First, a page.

In a meeting called by the mayor of Ashkelon, Roni Mehatzri, and Israeli Army Home Front Command Maj. Gen. Yitzhak Gershon, it was decided that if the government should approve the operation of the warning system in the city, it would be a general warning that would sound like a siren and not like the phrase "the color red," as in Sderot. The decision was made because of fears that not all the city's inhabitants would hear the verbal warning. Today a quiet warning system is in use that sends beeper messages to security officers at the factories.
A Policy Of Humiliation?
The Israeli military's new policy of restraint during the continued missile fire from the Gaza Strip has been referred to by a member of Israel's general staff as "a policy of humiliation," because, for more than a month, Israeli troops have been forbidden from firing at missile launchers, even when they see them on the launcher a moment before firing. Sources in the Israeli Army general command have been speaking to Israeli media and saying that they look terrible during the barrage of missiles, which has struck the communities of the Negev in recent weeks with no response. Since the fictitious cease-fire went into effect, nearly 100 missiles have been fired, and Tuesday night's casualties in Sderot only illustrate how dangerous the rocket fire is.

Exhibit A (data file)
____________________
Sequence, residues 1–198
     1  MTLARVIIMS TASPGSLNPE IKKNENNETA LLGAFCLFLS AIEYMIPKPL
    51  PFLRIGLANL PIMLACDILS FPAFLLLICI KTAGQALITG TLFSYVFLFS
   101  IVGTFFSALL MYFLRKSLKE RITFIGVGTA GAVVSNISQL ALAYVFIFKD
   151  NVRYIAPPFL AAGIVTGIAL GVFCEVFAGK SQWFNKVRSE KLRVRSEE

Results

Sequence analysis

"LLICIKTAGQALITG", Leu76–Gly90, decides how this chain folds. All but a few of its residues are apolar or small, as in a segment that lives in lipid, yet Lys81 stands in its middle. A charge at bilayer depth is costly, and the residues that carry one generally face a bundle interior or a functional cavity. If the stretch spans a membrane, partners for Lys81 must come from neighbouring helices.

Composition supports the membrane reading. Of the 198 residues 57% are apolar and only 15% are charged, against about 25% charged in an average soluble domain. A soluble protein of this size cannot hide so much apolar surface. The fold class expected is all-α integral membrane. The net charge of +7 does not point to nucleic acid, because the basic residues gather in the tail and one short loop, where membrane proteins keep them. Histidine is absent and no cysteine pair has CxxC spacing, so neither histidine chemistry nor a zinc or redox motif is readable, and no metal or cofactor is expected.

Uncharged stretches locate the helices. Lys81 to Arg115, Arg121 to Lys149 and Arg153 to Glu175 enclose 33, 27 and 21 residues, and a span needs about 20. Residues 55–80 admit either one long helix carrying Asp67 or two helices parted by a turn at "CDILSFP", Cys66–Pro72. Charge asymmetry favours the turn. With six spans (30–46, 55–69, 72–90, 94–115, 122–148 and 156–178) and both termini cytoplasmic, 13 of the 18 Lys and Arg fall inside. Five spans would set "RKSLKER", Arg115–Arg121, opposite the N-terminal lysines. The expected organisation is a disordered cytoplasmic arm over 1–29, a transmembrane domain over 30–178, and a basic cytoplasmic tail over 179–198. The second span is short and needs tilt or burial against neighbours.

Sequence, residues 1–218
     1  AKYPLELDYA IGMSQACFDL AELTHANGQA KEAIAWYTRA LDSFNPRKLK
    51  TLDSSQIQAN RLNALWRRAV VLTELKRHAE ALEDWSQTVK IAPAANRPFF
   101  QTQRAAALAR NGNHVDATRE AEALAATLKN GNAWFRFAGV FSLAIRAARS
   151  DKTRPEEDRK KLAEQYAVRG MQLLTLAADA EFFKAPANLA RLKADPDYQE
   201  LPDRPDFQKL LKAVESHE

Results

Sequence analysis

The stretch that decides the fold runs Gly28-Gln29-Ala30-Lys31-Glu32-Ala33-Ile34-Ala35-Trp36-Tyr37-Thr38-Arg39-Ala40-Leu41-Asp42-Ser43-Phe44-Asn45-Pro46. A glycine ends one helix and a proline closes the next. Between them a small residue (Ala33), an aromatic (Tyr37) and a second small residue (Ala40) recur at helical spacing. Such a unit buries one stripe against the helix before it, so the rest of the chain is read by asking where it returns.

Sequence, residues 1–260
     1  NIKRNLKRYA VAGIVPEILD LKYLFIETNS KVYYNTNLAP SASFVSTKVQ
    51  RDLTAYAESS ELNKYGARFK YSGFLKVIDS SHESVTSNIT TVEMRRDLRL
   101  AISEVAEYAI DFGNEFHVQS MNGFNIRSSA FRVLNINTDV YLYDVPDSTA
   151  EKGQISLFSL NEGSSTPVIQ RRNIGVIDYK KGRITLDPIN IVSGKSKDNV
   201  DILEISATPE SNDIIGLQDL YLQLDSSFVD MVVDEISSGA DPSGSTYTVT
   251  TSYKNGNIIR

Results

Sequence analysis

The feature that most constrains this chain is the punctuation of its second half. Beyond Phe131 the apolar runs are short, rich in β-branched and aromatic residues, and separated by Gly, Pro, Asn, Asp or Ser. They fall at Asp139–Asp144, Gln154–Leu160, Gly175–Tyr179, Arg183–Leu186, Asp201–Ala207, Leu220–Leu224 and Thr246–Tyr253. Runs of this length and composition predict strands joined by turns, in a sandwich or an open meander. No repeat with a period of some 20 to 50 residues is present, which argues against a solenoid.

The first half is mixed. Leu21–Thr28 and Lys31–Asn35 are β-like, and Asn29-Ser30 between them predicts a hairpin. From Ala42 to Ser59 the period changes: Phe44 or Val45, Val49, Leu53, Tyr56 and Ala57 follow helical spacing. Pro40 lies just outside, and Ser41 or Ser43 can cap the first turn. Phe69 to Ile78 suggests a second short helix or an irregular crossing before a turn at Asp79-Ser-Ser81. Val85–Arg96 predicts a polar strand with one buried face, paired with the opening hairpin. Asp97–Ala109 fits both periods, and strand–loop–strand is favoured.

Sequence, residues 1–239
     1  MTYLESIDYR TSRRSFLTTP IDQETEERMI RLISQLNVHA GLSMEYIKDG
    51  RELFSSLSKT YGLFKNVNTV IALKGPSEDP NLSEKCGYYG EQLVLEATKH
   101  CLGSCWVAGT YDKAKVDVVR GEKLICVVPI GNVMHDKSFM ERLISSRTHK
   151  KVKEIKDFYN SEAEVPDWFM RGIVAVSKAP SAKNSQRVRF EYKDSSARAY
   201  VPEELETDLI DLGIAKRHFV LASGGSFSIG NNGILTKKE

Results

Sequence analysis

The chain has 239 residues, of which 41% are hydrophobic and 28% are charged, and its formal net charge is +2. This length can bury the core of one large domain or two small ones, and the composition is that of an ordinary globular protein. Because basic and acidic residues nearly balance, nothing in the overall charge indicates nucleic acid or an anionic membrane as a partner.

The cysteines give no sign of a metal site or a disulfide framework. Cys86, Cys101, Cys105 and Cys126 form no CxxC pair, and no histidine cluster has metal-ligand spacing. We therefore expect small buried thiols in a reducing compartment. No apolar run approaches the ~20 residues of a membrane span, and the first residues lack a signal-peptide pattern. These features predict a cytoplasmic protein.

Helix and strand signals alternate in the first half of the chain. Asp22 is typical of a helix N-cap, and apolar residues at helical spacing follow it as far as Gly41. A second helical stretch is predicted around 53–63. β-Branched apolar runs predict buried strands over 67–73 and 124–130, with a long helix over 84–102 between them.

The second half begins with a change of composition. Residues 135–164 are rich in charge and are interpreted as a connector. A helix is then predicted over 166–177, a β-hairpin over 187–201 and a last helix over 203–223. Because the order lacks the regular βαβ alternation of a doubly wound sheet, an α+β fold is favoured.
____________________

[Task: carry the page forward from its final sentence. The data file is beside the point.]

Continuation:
Israel's policy of holding its fire under such a protracted and massive attack is problematic, not only because of considerations of honor or because of the real danger to the lives of the inhabitants of the western Negev. What is grave is that this is a precedent that grinds away the remnants of deterrence that the IDF still had in the eyes of the Arab world and that was critically damaged in the fiasco of the Lebanon War. After Israel's unilateral withdrawal of troops and civilians from Gaza during summer 2005, Israel had repeatedly claimed that it would not allow any launching of any missiles from the Gaza Strip, yet these statements have nothing to back them up.